Suh was unable to attend this year's Pro Bowl after undergoing a cleanup knee procedure in January. Considering the 30-year-old will have had roughly two and a half months to recuperate by the time the Dolphins' offseason program starts up on April 17th, he should have ample time to be back at full strength given the minor nature of his surgery. Thus, his expected availability for the start of offseason workouts is certainly warranted.

The Packers signed Christine Michael on Wednesday, Field Yates of ESPN reports.


After the departure of Eddie Lacy (ankle), the Packers don't have a legitimate three-down option out of the backfield, but Michael will nonetheless serve as a depth option to wide receiver-turned-running back Ty Montgomery (ribs). Of course, the front office may address the position during April's NFL Draft, which could relegate Michael to third on the depth chart. In any case, he's averaged 4.3 YPC and made eight end-zone visits during his four-year career, so he can produce when called upon.

Christine Michael visited the Packers on Wednesday, Field Yates of ESPN reports.


For a 26-year-old, Michael is well-traveled, spending time with the Seahawks, Cowboys, and Packers. In 2016, he notched 469 rushing yards and seven total touchdowns with the Seahawks before he was waived in favor of C.J. Prosise (shoulder) and Thomas Rawls. Quickly snatched up by the Packers, Michael managed 47 carries for 172 yards and one TD across the rest of the way as a late-game alternative to Ty Montgomery. If Michael returns to Green Bay, he'll likely hold down a similar role with Eddie Lacy (ankle) officially out of the picture, depending on how the Packers proceed with the backfield as the offseason unfolds.

Daniel Davie (undisclosed) was waived with a non-football injury designation by the Dolphins on Wednesday.


It isn't clear what sort of offseason injury Davie endured nor how long he may be out of commission. However, the second-year Nebraska product, who didn't appear in a single game during his rookie season in 2016, could still find a new home in advance of the 2017 campaign if he can prove he's back to full strength.

Avery Young (undisclosed) signed a contract with the Dolphins on Wednesday, ESPN's James Walker reports.


After trading Branden Albert to the Jaguars last month, the Dolphins were in need of depth at offensive tackle behind Laremy Tunsil and Ja'Wuan James. Young, who was waived by the Saints in February, will provide just that.

The Jaguars and Mychal Rivera agreed to a contract Wednesday, the team's official site reports.


Rivera visited some TE-needy teams this offseason (the Jets and Colts) but ultimately settled on the Jaguars, who currently roster six other players at the position. Helping his cause for playing time, though, is his stature as an H-back, from which he hauled in 146 of 230 passes for 1,413 yards and 10 touchdowns during his four seasons with the Raiders. Depending on how the Jaguars emerge from this year's draft, Rivera's primary competitor for work at the moment is a long-time Jag, Marcedes Lewis (calf).

Although a felony charge against Adam Jones for an early-January incident in Cincinnati has been dropped, he still faces three misdemeanor charges, NFL.com reports.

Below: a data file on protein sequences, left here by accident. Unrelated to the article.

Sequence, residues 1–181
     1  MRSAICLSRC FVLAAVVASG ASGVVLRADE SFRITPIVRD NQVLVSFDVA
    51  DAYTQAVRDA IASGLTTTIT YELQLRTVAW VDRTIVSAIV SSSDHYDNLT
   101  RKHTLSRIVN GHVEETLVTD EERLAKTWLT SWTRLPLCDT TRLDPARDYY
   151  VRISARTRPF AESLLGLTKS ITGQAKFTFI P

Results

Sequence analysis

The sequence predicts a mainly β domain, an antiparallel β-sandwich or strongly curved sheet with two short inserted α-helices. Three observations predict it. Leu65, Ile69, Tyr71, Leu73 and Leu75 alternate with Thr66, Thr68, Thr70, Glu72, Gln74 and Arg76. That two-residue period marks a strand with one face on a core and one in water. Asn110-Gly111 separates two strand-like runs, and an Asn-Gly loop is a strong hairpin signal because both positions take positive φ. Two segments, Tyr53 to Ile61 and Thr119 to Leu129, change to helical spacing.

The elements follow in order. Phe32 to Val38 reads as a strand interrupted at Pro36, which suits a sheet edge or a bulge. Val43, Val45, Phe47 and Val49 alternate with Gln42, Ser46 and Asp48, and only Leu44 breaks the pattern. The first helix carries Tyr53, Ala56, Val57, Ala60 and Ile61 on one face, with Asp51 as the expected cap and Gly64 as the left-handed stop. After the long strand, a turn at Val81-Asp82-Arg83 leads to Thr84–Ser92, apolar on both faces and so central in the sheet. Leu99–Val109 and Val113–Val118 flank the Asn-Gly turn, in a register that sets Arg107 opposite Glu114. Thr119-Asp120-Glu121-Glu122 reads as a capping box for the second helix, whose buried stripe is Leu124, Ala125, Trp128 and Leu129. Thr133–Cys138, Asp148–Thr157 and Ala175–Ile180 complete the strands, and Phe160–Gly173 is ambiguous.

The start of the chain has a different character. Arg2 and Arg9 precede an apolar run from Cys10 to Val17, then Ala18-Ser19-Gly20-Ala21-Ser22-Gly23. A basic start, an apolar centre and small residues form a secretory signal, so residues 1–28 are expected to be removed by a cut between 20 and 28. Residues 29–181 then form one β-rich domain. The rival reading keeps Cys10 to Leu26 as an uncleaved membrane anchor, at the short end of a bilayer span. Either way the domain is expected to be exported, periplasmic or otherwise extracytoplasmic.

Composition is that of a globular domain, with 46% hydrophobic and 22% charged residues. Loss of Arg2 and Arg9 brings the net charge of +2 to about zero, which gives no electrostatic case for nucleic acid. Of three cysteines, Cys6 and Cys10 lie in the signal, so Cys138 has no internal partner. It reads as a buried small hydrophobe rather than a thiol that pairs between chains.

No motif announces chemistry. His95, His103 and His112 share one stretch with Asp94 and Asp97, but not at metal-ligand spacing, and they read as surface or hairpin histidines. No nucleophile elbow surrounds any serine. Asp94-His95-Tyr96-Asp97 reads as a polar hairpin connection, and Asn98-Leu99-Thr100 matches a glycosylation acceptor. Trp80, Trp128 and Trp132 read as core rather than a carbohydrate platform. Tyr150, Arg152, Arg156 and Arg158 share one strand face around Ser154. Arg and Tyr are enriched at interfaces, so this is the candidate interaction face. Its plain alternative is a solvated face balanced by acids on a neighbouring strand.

Among the existing charges are misdemeanors for assault, disorderly conduct, and obstructing official business. Due to his history of brushes with the law, the Bengals are likely bracing for a suspension once the justice system makes a decision. While the team has yet to comment on the matter, the NFL stated that a review "continues under the personal conduct policy, which states that a player may still be subject to potential discipline even if the conduct does not result in a criminal conviction," according to Paul Dehner Jr. of the Cincinnati Enquirer.

Josh Cribbs has officially announced his retirement, Adam Caplan of ESPN reports.


Cribbs hasn't played since 2014 but didn't officially hang up the cleats until now. He finishes his career with an NFL-record eight kick-return touchdowns, three punt-return touchdowns, and 11,113 kick return yards, which is good for third all-time.

Mike Pennel signed a contract with the Jets on Wednesday.


Pennel was claimed by the Jets back in February but the team didn't tender him as a restricted free agent and let him hit the open market. The details of his deal are unclear, but he'll be with the team for at least next season. The four-year veteran had 24 tackles, including a sack, and a forced fumble while playing in eight games for the Packers in 2016.

Kamar Aiken was told that there would be open competition for spots at wide receiver, Zak Keefer of The Indianapolis Star reports.


T.Y Hilton and Donte Moncrief are locked in at the top, but with 2015 first-rounder Phillip Dorsett shaping up as a disappointment, the rest of the Indianapolis wideout depth chart should be up for grabs. Aiken had to settle for a one-year deal in the wake of a disappointing 2016 season, but he did catch 75 passes for 944 yards in 2015 while serving as Baltimore's No. 1 receiver for much of the year. The Andrew Luck-led Colts could give the 27-year-old a real shot to get his career back on track, as Moncrief's injury history and Dorsett's poor performance leave the team without reliable pass-catching options behind Hilton.

Jarvis Jenkins signed a one-year contract with the Chiefs on Wednesday, Ian Rapoport of NFL Network reports.


Jenkins played with Kansas City for the final seven games of the 2016 season, recording just five tackles. In what will be his first full season with the club, look for Jenkins to see a slightly increased role as a backup defensive lineman.

Tim Hightower is visiting with the Redskins on Wednesday, ESPN's Mike Triplett reports.


Hightower was with the Redskins in 2011 when he suffered a torn ACL that didn't heal properly and subsequently kept him out of the league from 2012 to 2014. After reviving his career in New Orleans the past two seasons, the 30-year-old would seem to be a good fit in Washington's inexperienced backfield, where he might even get a shot to compete for a leading role. While other teams may primarily view him as a passing-down back, the Redskins are already set in that department with Chris Thompson. However, they don't have a clear-cut lead back, meaning that Hightower could be part of a committee at the position. Hightower's last known visit was with the 49ers.